Venezuelan Freelancers Are Using Bitcoin to Survive the Economic Crisis

Venezuela is facing the worse economic crisis in its entire history, in this article, we will take a look at the situation of many Venezuelan (myself included) that are using Bitcoins to literally survive the crashing economy.

The South American country was in the past a reference for economic and political stability, Venezuela has the biggest oil reserves in the whole world, and an incredible amount of mineral resources.

Latin America was a region plagued by autocratic dictators for many years, but Venezuela had a strong democracy. Today the country has the highest inflation rate in the world, in 2015 it peaked at 275%, and the IMF predicts that it will reach 720% by the end of 2016.

The inflation rate and currency devaluation is not the only problematic situation in Venezuela. Since 2003 the country has had a capital control mechanism regulated by the government, essentially restricting the amount of foreign currency one could buy (less than $3000 per year at its peak).

The situation worsened, and today citizens of the country simply cannot buy foreign currency. The Venezuelan Central Banks is one of the main culprits, it has effectively taken the role of a fake money printing machine, covering for the government’s monetary deficit.

Lastly, the country is in the middle of an atrocious economic recession (with a GDP drop of 8% in 2015), and a shortage of food and basic utility services like clean water and electricity. Citizens have to wait at excruciating long queues to be able to buy food and products at a regulated price (which are then sold in a black market for a premium of more than 500% in some cases).

It’s not a surprise then that many tech-savvy Venezuelans embraced the Bitcoin technology. Cryptocurrency allows Venezuelans to safely store their money, even with its volatility caveats.

So how is the Venezuelan Bitcoin market? The bottom line is that the majority of the operations are done through Venezuelan first and most popular Bitcoin exchange, Surbitcoin. The company uses BlikTrade’s platform to match buy/sell orders, BlinkTrade services are used by many Bitcoin exchanges in South America. Surbitcoin has a daily volume of more than 50 BTC, which is massive considering the local figures.

Other alternatives include LocalBitcoins, P2P, and OTC transactions. Venezuela is well known for its Bitcoin mining community, the country has cheap electricity (even more than China), although recently, a series of detentions and raids ended up with the imprisonment of miners, which were charged with “smuggling” and “money laundering” accusations. Bitcoin is not illegal in Venezuela, but the government ranks high in corruption levels, making it hard to innovate in the financial or technology sector.

A lot of Venezuelans have to buy foreign currency in the black market, but buying Bitcoins is safer and easier, as citizens don’t have to perform complex bank transactions or risk getting scammed and robbed in physical trades.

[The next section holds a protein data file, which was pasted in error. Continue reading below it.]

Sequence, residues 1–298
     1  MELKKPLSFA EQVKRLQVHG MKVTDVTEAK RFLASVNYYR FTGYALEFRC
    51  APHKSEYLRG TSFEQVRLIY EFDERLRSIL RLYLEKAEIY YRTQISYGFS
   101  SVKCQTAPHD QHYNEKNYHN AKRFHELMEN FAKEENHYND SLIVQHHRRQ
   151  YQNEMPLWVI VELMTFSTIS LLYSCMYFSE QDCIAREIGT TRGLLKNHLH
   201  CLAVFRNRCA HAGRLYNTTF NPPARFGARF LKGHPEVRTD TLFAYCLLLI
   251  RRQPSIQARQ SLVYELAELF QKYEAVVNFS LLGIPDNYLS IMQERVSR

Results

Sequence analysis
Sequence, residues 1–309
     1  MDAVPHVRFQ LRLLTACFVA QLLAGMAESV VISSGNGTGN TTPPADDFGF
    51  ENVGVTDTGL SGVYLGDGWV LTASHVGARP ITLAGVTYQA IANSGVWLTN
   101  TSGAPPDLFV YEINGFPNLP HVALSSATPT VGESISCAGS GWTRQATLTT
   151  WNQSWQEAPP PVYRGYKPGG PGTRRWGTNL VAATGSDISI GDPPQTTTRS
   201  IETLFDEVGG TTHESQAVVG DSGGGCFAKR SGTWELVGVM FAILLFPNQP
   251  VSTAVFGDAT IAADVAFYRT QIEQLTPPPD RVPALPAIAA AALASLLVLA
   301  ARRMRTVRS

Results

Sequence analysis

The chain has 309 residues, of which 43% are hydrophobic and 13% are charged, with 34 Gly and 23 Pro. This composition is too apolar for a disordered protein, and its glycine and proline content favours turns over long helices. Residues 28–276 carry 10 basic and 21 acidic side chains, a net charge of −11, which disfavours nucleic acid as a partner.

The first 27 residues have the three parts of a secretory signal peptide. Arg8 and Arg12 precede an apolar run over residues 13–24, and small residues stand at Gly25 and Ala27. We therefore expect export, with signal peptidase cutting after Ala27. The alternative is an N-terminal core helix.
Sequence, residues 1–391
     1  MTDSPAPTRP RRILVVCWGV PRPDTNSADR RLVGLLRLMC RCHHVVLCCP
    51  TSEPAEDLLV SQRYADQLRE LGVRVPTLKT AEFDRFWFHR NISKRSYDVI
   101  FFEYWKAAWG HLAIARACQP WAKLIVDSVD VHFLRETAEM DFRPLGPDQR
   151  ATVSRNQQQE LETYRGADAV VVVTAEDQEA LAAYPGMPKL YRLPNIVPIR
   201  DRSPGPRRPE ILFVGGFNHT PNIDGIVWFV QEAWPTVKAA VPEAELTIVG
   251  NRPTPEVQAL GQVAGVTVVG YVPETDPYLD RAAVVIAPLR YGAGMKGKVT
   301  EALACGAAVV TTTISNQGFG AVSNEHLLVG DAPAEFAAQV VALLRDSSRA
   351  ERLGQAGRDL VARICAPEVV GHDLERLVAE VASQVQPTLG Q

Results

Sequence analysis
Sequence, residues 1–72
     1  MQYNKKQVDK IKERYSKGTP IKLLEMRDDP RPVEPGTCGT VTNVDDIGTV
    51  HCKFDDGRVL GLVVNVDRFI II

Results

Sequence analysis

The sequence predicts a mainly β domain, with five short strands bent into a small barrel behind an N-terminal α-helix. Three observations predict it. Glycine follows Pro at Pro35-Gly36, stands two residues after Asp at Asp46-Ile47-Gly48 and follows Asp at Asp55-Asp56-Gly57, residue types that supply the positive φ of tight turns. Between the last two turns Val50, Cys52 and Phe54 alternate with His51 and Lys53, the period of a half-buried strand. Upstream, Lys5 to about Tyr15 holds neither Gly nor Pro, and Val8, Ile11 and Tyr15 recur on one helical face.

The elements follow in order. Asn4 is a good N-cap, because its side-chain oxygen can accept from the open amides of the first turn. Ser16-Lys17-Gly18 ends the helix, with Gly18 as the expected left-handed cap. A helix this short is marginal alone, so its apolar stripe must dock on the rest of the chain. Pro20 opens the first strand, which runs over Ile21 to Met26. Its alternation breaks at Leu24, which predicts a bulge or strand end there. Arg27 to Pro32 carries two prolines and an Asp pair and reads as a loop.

Due to this terrible economic crisis, a lot of young talented people seek online alternatives to generate income, this is especially relevant for those who possess skills that are applicable to remote or telecommute jobs. Graphic Designers, coders, musicians and freelance writers use platforms such as Freelancer or Upwork to earn a living.

Wages in Venezuela are incredibly low, the monthly minimum wage is $30, but citizens need at least $184 to be able to buy the monthly essentials like meat, poultry, and vegetables. Venezuelans who are not using Bitcoin have to depend on platforms like Paypal, Neteller or Payza to receive payments, but those entails somewhat high fees, and selling those for the local currency (Bolívares) is complicated and illegal.

Platforms such as XBTFreelancer (a job board that uses Bitcoin) can help overcome obstacles for Venezuelan, another exciting project is Colony, an Ethereum blockchain-based startup that will allow people to build decentralized online companies, workers will be paid in Nectar, a token that can represent ownership or simply be converted into ether.

Undoubtedly, Venezuela has a huge Bitcoin adoption potential, according to a study made by Garrick Hileman, a member of London’s School of Economics, Venezuela ranks second in his Bitcoin Market Potential Index, only superseded by Argentina, a country that had capital restrictions and controls until president Mauricio Macri took office.

Some obstacles remain until we can see a generalized adoption of Bitcoin in Venezuela, one of them is the tech barrier, which can easily be overcome since Venezuela has a young population very proficient in the use of smartphones and computers.

Bitcoin’s use cases in Venezuela are limited to mining and the payment of goods and services through online services, but there is little to none local commerce being done with Bitcoins. The night is dark and full of terrors, but Bitcoin is embraced by a strong and loyal community with more than 8,000 members (numbers from the Venezuelan Bitcoin and Ethereum Facebook Group).

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